When we reviewed The Infernal Machine nearly four years ago, we included some of the speculation going on at the time about a fourth Indy movie, and still nothing has happened. The rumours have become much more concrete though, and Spielberg, Lucas and Ford have at least admitted it will exist. There are reports that shooting could even start this year. The problem has been getting a script everyone is happy with, with various rewrites occurring over the years. At the moment, the man working on it is Frank Darabont (screenwriter and director of The Shawshank Redemption), which should at least reassure us we won't have some kind of Episode I fiasco on our hands.
The action will take place in the 1950s, reflecting the fact that Harrison Ford is 60 now and unlikely to have the energy to run away from giant balls. Of course, this means the Nazis won't be around, and there's unconfirmed talks of the story taking place in China. Sean Connery is set to return for a few scenes as Indy's dad. Don't get too excited though, because the initial release date is pencilled as July 1,2005. Thankfully, there are also rumours that the first three films will be released on DVD later this year. About bloody time too.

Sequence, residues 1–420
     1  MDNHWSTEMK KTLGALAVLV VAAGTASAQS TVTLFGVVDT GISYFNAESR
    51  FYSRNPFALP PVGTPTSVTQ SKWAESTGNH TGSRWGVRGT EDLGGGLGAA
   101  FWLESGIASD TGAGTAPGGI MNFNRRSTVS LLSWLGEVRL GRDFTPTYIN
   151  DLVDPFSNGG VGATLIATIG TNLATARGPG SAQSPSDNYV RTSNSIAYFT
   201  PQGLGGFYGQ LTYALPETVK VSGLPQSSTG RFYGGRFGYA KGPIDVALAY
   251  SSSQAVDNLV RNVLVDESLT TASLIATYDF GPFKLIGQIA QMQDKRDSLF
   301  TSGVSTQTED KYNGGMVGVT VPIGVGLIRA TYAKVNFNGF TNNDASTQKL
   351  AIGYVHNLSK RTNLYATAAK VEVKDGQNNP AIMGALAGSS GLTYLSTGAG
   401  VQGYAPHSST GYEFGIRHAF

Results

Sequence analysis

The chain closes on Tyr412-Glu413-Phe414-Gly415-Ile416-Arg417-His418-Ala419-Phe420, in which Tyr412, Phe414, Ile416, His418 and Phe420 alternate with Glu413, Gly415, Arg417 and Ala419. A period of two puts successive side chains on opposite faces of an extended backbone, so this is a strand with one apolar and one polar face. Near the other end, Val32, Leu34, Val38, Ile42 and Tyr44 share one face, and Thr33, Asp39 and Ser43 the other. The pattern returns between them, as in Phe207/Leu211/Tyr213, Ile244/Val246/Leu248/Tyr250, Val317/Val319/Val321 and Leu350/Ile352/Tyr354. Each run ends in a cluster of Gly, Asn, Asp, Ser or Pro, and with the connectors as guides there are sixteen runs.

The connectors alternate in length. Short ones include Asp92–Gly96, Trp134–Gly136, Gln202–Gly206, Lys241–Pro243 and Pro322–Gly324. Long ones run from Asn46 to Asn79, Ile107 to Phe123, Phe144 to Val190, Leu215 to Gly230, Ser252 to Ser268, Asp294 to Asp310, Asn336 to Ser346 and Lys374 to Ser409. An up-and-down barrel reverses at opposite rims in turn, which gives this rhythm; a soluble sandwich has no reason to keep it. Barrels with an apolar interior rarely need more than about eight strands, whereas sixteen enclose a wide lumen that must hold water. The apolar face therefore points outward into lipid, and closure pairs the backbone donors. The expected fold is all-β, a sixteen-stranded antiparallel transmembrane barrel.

Download Indiana Jones and the Emperor's Tomb
Indiana Jones And The Emperor's Tomb is an Indy game unlike any other. And yet it's probably the most familiar one yet, as LucasArts gets ever closer to the magic of the films.
This time, perhaps 60-70 per cent of the game is pure combat, mostly rough and ready hand-to-hand brawling, while puzzle-solving and exploration take a back seat. We really wanted to focus on the action and fighting of the Indy films, explains LucasArts' Reeve Thompson. We wanted to think about all the aspects of the movies that make them fun to watch. Obviously it's still an adventure storyline, but we really wanted it to play like a brawler, where you can pick up a bunch of stuff and use it as weapons."
Needless to say Indy still gets to whip his gun out when things get a bit hairy, and for that matter, where would Indy be without his whip? This time he can not only swing across gaps with it, but employ it in combat in some surprisingly effective ways. With one flick of his rawhide he can take weapons out of enemy hands, or wrap it round their scrawny Nazi necks and yank them over for a sharply delivered uppercut.